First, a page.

* The CPD response…
Gang enforcement officers in Chicago started looking closely at social media sites about three years ago, after learning that high school students were filming fights in the hallways and alcoves of their schools and posting the videos online. Boudreau tells me that they began to hear about fight videos going on YouTube during the day, and then they would often see a related shooting later in the afternoon. In the department’s deployment operations center, the other unit in the force that regularly monitors social media activity, officers first took notice when they read in the newspaper about a West Side gang member who was using the Internet to find out about enemies being released from prison. But “virtual policing” became a priority only after kids aligned with local cliques started calling each other out in rap videos.
Much of this police work is reactive. In the same way that flyers taped to light poles used to announce parties, news of a big gathering is now posted online, and officers move into position based on that intel. Other times guys will say point-blank that they’re going to kill someone. “We’re like, oh sh*t, we better put some police there because this is about to set off,” an officer in deployment operations says. When people brag about a crime they’ve already committed, detectives use that as yet another investigative tool, assuming that online admissions alone won’t hold up in court. (Though in one successful case, a Cincinnati district attorney was able to introduce thousands of pieces of online evidence of suspects appearing beside guns, drugs, and one another to establish a criminal conspiracy.)
But over time, the cops’ approach to social media has become more entrepreneurial. The police in Chicago now actively look for inflammatory comments around specific dates: the anniversary of a homicide, say, or the birthday of a slain gang member, the sorts of events that have often incited renewed rounds of violence. They also use information collected from public sites to add to their knowledge about the hundreds of cliques and sets operating in the city, cataloging the members, affiliations, beefs, and geographic boundaries. […]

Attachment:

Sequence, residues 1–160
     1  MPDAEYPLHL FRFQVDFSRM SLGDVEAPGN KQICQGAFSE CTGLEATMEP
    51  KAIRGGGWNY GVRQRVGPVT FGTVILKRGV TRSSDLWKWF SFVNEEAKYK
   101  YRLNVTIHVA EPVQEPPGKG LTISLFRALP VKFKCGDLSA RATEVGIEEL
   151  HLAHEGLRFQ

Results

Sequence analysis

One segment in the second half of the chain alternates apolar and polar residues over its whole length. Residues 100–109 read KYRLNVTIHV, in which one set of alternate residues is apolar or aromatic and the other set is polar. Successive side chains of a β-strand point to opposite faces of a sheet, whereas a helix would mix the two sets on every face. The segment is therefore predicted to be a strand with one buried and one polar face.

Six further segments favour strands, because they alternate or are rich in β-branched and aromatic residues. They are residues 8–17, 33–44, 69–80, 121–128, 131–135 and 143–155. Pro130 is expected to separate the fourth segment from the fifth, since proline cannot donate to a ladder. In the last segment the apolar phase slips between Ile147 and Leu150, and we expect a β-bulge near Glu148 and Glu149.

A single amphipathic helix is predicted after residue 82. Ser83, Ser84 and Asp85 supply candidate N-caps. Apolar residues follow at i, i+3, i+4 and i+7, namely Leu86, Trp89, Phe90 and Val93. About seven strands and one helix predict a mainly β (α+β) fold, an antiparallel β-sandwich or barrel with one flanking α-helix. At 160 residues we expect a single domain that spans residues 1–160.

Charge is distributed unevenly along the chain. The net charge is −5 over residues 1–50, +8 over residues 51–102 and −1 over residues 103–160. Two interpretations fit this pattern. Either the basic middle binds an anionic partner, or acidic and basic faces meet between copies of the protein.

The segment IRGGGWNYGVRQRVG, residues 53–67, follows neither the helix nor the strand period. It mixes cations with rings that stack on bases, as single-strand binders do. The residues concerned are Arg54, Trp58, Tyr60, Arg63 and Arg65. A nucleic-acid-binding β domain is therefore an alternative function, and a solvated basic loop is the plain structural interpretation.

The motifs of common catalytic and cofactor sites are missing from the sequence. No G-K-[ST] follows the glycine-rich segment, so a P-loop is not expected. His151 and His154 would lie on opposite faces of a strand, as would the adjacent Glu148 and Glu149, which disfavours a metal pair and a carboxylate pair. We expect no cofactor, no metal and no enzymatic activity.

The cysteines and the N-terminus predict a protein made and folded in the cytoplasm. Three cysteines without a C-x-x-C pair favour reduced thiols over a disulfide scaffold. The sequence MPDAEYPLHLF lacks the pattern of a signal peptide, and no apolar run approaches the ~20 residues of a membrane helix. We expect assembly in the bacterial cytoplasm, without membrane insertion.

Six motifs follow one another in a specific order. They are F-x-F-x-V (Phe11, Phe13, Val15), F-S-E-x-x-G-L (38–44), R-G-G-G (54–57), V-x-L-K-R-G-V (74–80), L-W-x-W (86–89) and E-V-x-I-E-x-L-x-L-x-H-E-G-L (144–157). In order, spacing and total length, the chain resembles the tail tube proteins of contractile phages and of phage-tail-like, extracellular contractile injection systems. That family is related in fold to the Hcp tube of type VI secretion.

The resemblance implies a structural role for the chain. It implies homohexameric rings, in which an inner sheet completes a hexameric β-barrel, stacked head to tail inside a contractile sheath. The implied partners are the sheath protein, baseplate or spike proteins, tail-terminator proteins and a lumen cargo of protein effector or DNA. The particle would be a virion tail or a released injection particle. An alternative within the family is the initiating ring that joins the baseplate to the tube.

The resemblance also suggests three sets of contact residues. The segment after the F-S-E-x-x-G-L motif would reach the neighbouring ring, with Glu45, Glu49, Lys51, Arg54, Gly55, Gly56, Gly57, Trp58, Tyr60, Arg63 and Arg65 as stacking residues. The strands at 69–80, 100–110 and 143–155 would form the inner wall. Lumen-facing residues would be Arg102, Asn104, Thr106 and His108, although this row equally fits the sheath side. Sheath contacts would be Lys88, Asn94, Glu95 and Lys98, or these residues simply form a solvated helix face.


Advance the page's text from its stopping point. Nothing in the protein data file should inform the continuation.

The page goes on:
In New York City, where the number of homicides is now the lowest since it started keeping crime statistics 50 years ago, the NYPD credits much of its recent success to monitoring online gang activity. The department determined that street-crew members, by and large teenagers, were responsible for a vastly disproportionate share of the violent crimes in the city. And so last year it launched Operation Crew Cut, which is doubling the number of detectives in its gang division to 300, with many of the additional officers focusing specifically on social media sites. The result, authorities say, has been a steep drop in retaliatory violence, as the police have been able to identify clashes and step in before they escalate. “Any tweet might hold the identities of the next potential victim and perpetrator,” NYPD deputy commissioner Paul Browne says.
Go read the whole thing. Hat tip: OneMan.
…Adding… Rep. Ed Sullivan passed legislation way back in 2007 to establish a pilot program for a State Police Internet Gang Crime Unit. From Sully…
I was working with some local law enforcement folks that were seeing a proliferation of gangs using the internet to organize and further their gang operations. Real good legislation that could have made a difference but we could never get funding. The Governor’s people didn’t think it was worthy.
Sullivan then passed a bill to extend the pilot program’s sunset date. But the administration never did anything.